The singer Madonna has an immense ability to stir up controversy and has always done so ever since she first came into the public domain decades ago. Off hand, I can think about how her choice of men and songs, such as ‘Like a Prayer’ have been talking points but there was a difference.
In these cases the points of controversy were of Madonna’s making (not fault) i.e an exercise of her choice such as what to wear and what to sing. Madonna seemed to court controversy to ensure that her saleability, which depended on her popularity, remained sky high.
By contrast, Madonna is now being pilloried for her age which is something that she has no control over. There is a ironic sense of powerlessness about this which isn’t hubris because of the inevitability of growing old.
She was the starring act at this year’s Eurovision Song contest and appeared on stage dressed as a Gothic Goddess. To some, she delivered a muted and humdrum performance. This was blamed on her age in the main. Madonna is now 60 years old. In today’s policy terms of the ageing population, that isn’t old when you consider that ordinary people are expected to work till 67 years of age.
Granted not all of us will be donning high heels and singing on stage but there is something rather personal in the attacks on Madonna which go beyond her choice of career and mutates into expecting her to be invisible as she gets older.
Madonna herself has acknowledged the ageism against her.
I watched ‘Loose Women’ today and listened to the female panel’s talking points about how Madonna ought to give up performing because of her age. Other reasons cited were her immense wealth and the imputation that she was still performing for money. It really is a dire situation if women cannot appreciate other women having a life beyond a certain age. The message was ‘hang up your shoes, go and retire on your savings and keep quiet’. Even worse, Madonna was advised by the panel to make way for younger people. This is the ‘sell by date’ argument.
The programme left me wondering what other older women watching would have taken from it as to what it meant for them.
We may not all be Madonna but age is a great leveller and, like other older women, she may be trying to assert her authority and grace in even greater proportions as she gets older. The older we get the more invisible in society we become. An older woman who was retiring once advised me never to ever let people ever define me as ‘old’ because, she said, the stigma is hard to shake off.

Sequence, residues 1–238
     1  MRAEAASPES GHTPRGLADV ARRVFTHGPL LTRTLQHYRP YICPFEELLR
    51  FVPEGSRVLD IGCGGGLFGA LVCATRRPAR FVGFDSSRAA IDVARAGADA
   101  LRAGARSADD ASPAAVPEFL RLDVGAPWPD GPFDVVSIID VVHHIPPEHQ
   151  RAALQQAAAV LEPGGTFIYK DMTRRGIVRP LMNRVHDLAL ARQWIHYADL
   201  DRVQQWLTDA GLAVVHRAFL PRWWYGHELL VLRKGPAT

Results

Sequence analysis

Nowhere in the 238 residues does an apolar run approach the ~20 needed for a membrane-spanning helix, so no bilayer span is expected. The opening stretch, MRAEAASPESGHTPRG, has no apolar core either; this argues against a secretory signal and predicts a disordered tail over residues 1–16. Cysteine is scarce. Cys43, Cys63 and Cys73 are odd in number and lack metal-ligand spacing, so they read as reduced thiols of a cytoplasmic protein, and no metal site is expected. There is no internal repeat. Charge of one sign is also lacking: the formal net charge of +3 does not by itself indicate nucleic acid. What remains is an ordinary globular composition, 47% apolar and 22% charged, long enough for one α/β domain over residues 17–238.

Older men don’t face the same criticism. Donald Trump is in his 70s. Joe Biden is in his 70s. Ronald Reagan was in the same age group as President. When Obama left office it was assumed that he would do even greater things as he had a lot of years ahead of him. On the other hand, Hillary Clinton has been referred to as being too old for office. She is 71 with a high IQ and a wealth of political experience. American political high office is full of older women such as Nancy Pelosi, 71, and Elizabeth Warren, 69 but they too constantly face age discrimination.
A professor of communication studies at the University of Michigan, Susan Douglas, is writing a book on the power of older women. She told the New York Times that “a demographic revolution” was occurring — both in the number of women who are working into their 60s and 70s and in the perception, in the wake of #MeToo, of their expertise and value. Older women are now saying ‘No, I’m still vibrant, I still have a lot to offer, and I’m not going to be consigned to invisibility,’ ” she said. “These women are reinventing what it means to be an older woman.”
There is also the cultural element. Many ethnic minority women come to feminism later in life because of cultural constraints placed on our sexuality and freedom when we are younger. The cultural shackles are loosened as we get older. This is what happened to me. I became a feminist at 36 when I had my daughter in 1999. Motherhood feminised me, hence my blogger name. The older I get the more ambitious I become and no one is going to tell me to pipe down.
My sister gave me a plaque which reads ‘Live the Life You Love’. It was featured in the Channel 4 documentary ‘Mums Make Porn as part of my reflection scene. I have been ignored for far too long and won’t stand for it anymore. Stand up Madonna and keep singing even if you aren’t up to dancing on stage as energetically as you used to.